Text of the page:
Fijians residing here are exempted from transit visas through New Zealand if they wish to return to their home country.
But now some prefer staying in Rarotonga, saying they feel more secured here than in Fiji during this Covid-19 crisis.
A week ago, Prime Minister Henry Puna said some leading employers wanted to release expat workers who wish to return to their home countries.
He told Parliament that government supported this move as it would conserve the “limited resources” it has at its disposal to support Cook Islanders during the Covid-19 crisis.
However, repatriating workers was impossible, as the borders to countries most of these foreign workers come from, were still closed.
Fijian Association vice president Savenaca Tukitoba said they are not aware of any Fijian work permit holders here being made redundant at any of the hotels.
“What we do understand at the moment is that everyone is on a wage subsidy, and we are still safe, secure and are more advantaged than those affected at home,” Tukitoba said.
“I believe the Cook Islands government will decide that if they think we are no longer needed here then definitely will arrange a flight for us.”
But Liana Scott, the vice president of Cook Islands Tourism Industry Council, said if the situation continues, they would have no choice but to let go of their expat workers.
Businesses that have closed as well as those that are remaining open with little to no business, still have ongoing operational costs and ultimately with no clear open date, nor commitment from government to cover wage subsidies, past September businesses need to individually review and formulate strategies that are going to allow them to survive, she said.
Scott pointed out one of these strategies “sadly is likely to be to reduce the workforce, particularly as properties are unlikely to be operating at the normally enjoyed occupancies during these winter months”.
She said it makes sense for the government to look at the repatriation of expat workers.
If businesses do start releasing labour from their payroll, Scott said these individuals will only have two options – find another job which is highly unlikely in this current climate or to be faced with unmanageable circumstances beyond the available redundancy package, which means inability to meet accommodation and living expenses.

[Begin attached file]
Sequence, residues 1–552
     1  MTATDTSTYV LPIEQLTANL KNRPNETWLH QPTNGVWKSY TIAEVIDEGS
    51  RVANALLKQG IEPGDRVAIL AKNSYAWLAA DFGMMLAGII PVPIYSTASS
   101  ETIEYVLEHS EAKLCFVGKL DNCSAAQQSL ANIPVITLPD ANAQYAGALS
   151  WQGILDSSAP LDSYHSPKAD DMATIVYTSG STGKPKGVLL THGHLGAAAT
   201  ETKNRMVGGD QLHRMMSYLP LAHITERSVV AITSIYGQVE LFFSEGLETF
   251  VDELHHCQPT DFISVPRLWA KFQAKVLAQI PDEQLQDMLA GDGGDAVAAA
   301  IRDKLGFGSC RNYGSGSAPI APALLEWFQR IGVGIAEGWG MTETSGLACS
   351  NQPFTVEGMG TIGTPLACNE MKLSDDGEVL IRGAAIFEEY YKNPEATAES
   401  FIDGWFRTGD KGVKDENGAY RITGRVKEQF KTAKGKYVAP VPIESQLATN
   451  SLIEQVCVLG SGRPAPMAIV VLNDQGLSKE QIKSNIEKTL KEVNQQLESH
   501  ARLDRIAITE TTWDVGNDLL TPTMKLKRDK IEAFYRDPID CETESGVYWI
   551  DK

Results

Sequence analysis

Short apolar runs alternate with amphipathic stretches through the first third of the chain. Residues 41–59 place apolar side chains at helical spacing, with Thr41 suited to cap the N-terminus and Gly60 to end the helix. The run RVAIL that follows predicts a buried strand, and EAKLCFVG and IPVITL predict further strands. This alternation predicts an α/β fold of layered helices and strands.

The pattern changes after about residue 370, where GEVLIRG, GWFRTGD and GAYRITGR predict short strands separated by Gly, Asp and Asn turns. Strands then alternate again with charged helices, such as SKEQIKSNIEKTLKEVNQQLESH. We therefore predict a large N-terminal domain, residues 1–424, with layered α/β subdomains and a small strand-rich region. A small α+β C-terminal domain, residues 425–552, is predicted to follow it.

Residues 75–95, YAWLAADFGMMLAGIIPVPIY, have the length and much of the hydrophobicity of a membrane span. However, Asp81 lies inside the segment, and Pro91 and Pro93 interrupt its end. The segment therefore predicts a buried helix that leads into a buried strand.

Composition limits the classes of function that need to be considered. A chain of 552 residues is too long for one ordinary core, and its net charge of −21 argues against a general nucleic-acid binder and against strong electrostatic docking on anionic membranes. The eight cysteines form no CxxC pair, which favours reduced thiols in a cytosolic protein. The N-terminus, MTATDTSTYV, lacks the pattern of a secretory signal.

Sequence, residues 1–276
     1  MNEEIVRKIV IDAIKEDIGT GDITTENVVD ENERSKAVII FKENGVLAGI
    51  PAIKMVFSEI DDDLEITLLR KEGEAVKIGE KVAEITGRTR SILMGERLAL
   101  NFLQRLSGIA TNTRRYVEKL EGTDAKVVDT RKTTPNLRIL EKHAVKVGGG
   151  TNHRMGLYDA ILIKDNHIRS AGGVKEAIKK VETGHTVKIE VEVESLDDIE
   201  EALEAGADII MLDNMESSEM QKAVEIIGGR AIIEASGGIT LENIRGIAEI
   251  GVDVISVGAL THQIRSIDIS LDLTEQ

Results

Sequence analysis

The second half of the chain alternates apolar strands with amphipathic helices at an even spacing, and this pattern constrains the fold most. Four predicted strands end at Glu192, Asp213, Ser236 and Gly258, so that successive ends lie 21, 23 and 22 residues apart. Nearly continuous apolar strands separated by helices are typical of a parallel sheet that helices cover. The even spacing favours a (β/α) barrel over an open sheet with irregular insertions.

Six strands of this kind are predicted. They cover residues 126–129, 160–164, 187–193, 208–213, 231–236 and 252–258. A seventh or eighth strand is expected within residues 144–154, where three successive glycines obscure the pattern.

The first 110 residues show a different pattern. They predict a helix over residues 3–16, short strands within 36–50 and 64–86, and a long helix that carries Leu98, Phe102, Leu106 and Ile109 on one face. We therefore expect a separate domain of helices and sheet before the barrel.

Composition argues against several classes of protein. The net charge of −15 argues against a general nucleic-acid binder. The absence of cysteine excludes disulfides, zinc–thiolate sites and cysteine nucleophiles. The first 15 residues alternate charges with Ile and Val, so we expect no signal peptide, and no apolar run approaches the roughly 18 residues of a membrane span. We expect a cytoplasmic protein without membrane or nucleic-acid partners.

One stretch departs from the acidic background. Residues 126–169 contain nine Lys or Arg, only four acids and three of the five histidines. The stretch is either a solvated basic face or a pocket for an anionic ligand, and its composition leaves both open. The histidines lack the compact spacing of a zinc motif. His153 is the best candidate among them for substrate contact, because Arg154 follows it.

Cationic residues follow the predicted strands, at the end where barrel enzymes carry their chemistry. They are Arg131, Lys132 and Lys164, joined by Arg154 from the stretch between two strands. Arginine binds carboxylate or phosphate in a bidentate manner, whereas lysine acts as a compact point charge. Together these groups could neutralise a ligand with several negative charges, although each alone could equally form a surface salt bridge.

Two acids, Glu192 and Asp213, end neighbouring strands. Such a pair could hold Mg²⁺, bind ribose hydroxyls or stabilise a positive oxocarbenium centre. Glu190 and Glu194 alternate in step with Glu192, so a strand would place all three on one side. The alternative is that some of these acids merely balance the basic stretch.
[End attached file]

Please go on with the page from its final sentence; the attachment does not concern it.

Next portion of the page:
“It could well be that a flight is chartered directly from Fiji if there was enough interest, or perhaps via New Zealand if passengers were strictly in transit (given they have come from a Covid-free country) and I believe Fiji and Cook Islands governments should be considering what arrangements could be made.”
This week, the New Zealand High Commission to Cook Islands, confirmed details of transit exemptions for passengers departing from Cook Islands.
It said the changes have been made to the transit requirements for people in the Pacific that need to transit through New Zealand to return to their home country.
In a statement they said for Fijian citizens if their immediate destination after transiting through New Zealand is Fiji, they do not require a transit visa or NZeTA. This is only until September 4.
Alternatively, a visit to the Immigration Customer services Office in the New Zealand High Commission Building (office hours 9am – 3pm) or registering via phone-call to 29 347.
Immigration secretary Tepaeru Herrmann said have for some weeks now they have received requests for return home travel assistance for visitors and migrant workers.
She said the interest has come from migrant workers wishing to return to be with their families as well as migrant employing businesses (predominantly from the tourism sector) who are experiencing significant downturn in business, in some cases business closure.
She said more than 400 work permits have expired over the last 4 months.
However, worldwide border closures have prevented migrant worker return travel, this recent transit flexibility introduced by New Zealand makes possible some return travel and MFAI will in the coming days elevate engagement with migrant worker communities and concerned businesses.
Principal Immigration Officer Kairangi Samuela said “MFAI is acutely aware of the increasing challenges confronting all Cook Islands businesses and residents, including migrant workers, and we will over the next two weeks be engaging closely with our business and migrant worker communities, particularly our sizable communities from Fiji, the Philippines and Indonesia to canvas interest in return to home countries.
“There is a multitude of logistical and welfare issues that need to be worked through and we will proceed with due haste and sensitivity in the coming days.”
This week, the Fijian government also granted special considerations for Fiji citizens, residents and permit holders in Australia and New Zealand to return to Fiji, through a net of safety measures.